Teaching Social Communication to Young Children with Severe Disabilities

Erik Drasgow, James W. Halle

Research output: Contribution to journalArticlepeer-review


The ability to communicate in conventional ways is an essential component of any social endeavor. To convey strategies and considerations for establishing initial communication repertoires in young children with severe disabilities, we describe a case example of our work with Todd, a 4-year-old nonverbal child. The considerations include (a) that facilitating the development of conventional forms of communication in young nonverbal children begins with careful assessment and identification of existing unconventional forms, their associated functions, and the social and physical environmental factors that occasion communication; (b) that current forms can be used as behavioral indications for determining appropriate occasions for teaching new, conventional forms that serve the same function; (c) that teachable opportunities, signaled by the use of current forms, vary according to fluctuating learner motivation, which may be a function of social, biological, or environmental factors; (d) that unconventional forms may be displayed with greater generality than previously assumed. Finally, (e) to promote generalization of new forms, the application of general case instruction is recommended.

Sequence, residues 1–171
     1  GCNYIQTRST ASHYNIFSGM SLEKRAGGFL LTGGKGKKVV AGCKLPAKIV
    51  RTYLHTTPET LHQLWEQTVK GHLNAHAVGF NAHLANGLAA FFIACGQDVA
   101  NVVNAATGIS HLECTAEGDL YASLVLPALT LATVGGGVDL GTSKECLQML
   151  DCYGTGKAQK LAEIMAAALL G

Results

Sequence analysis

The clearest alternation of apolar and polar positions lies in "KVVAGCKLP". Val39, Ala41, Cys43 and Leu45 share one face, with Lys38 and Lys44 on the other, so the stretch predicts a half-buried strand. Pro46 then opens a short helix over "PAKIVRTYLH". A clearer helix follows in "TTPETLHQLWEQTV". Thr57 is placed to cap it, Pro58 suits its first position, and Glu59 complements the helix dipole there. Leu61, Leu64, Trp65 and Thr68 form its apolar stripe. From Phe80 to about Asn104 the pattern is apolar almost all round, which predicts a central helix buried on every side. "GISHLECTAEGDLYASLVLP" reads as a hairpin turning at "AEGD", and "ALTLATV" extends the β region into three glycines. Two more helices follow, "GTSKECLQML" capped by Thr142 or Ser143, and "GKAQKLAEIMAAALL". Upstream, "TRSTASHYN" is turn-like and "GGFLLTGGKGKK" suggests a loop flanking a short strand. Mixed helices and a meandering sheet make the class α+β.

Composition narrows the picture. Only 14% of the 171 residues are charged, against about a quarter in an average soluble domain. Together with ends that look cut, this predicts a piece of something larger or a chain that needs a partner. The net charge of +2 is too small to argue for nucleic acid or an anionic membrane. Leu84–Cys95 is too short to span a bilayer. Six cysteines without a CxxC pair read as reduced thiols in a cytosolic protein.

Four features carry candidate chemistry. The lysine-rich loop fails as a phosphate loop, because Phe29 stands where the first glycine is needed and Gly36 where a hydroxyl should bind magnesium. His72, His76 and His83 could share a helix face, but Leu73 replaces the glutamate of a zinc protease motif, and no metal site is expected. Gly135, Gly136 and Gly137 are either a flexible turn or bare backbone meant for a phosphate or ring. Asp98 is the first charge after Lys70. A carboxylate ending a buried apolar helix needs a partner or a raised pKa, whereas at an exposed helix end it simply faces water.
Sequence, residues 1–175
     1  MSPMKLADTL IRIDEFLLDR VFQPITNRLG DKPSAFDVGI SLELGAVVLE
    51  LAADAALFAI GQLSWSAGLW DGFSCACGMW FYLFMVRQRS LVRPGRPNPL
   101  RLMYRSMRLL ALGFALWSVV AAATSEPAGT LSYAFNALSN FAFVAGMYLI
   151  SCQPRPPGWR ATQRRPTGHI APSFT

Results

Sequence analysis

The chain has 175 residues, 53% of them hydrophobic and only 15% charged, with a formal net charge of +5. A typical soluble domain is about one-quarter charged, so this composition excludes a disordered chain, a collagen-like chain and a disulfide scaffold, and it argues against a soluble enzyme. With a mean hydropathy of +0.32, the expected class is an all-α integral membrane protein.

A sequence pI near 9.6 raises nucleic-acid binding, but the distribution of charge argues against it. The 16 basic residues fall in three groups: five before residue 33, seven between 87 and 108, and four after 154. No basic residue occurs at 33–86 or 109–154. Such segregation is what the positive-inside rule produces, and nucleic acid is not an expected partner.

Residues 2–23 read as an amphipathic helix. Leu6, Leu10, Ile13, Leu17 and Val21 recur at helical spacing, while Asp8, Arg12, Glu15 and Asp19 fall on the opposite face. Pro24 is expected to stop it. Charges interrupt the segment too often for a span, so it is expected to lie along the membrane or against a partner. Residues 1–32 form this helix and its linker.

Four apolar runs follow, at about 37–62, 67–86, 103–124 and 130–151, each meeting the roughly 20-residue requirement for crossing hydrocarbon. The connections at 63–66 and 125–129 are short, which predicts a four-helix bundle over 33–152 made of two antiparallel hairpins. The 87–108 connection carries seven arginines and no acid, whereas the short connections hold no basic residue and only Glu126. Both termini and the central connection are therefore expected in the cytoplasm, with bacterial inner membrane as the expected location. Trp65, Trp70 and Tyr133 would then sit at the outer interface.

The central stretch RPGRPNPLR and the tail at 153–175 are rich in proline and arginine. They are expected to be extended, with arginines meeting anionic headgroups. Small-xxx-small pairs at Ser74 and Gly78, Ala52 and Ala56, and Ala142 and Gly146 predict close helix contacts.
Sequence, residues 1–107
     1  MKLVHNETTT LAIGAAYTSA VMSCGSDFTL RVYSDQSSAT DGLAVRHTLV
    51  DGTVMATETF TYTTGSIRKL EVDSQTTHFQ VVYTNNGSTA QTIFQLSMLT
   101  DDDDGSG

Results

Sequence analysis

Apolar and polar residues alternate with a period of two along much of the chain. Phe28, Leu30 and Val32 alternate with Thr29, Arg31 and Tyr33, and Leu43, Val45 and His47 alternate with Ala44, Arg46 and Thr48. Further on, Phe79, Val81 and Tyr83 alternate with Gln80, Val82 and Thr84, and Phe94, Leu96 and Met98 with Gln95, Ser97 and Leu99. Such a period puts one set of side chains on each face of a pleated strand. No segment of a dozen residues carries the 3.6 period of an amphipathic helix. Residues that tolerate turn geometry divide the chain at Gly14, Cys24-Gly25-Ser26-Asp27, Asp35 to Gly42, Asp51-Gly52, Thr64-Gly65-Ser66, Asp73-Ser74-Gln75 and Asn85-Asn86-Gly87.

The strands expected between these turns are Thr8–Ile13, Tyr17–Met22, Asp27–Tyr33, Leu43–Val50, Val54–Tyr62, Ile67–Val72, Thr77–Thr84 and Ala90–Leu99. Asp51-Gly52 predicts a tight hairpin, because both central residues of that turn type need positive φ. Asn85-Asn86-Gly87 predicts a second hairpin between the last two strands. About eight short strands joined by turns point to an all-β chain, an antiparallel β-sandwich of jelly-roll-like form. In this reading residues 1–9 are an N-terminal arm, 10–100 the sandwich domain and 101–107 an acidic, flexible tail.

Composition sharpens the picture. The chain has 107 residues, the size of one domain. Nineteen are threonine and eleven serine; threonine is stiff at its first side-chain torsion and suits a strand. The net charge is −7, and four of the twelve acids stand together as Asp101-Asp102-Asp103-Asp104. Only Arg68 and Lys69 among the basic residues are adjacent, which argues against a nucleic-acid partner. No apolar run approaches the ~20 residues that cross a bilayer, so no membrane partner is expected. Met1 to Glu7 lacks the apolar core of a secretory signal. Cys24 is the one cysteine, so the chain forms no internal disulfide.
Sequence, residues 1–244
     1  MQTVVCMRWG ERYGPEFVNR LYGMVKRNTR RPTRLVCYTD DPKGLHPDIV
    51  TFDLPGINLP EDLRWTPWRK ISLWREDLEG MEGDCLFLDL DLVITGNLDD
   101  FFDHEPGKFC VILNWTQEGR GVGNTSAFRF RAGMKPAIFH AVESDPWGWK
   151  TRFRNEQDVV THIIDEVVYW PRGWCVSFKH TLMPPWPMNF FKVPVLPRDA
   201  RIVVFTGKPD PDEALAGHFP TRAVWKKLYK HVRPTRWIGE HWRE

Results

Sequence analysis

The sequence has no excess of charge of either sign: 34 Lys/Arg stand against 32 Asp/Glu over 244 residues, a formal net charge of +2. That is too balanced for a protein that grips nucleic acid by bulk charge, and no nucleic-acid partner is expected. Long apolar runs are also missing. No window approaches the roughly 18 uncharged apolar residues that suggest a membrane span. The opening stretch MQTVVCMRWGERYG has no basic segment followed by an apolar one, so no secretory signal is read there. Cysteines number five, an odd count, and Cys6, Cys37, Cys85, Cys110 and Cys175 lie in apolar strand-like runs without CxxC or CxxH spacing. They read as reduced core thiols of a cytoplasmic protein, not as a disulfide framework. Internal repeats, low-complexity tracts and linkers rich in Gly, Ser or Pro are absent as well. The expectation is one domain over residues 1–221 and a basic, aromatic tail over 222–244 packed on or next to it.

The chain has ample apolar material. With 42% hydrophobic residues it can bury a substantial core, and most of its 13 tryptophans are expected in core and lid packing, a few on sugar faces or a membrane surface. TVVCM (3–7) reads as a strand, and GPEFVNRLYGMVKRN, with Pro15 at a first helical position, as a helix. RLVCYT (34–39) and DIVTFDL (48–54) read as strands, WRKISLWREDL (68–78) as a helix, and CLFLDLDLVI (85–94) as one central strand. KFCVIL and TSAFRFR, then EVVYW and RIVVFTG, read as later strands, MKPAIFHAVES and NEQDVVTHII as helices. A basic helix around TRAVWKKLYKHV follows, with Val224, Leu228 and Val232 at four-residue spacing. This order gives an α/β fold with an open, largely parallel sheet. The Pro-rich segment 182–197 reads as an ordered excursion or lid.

Original languageEnglish (US)
Pages (from-to)164-186
Number of pages23
JournalTopics in Early Childhood Special education
Issue number2
StatePublished - Apr 1995

ASJC Scopus subject areas

  • Education
  • Public Health, Environmental and Occupational Health


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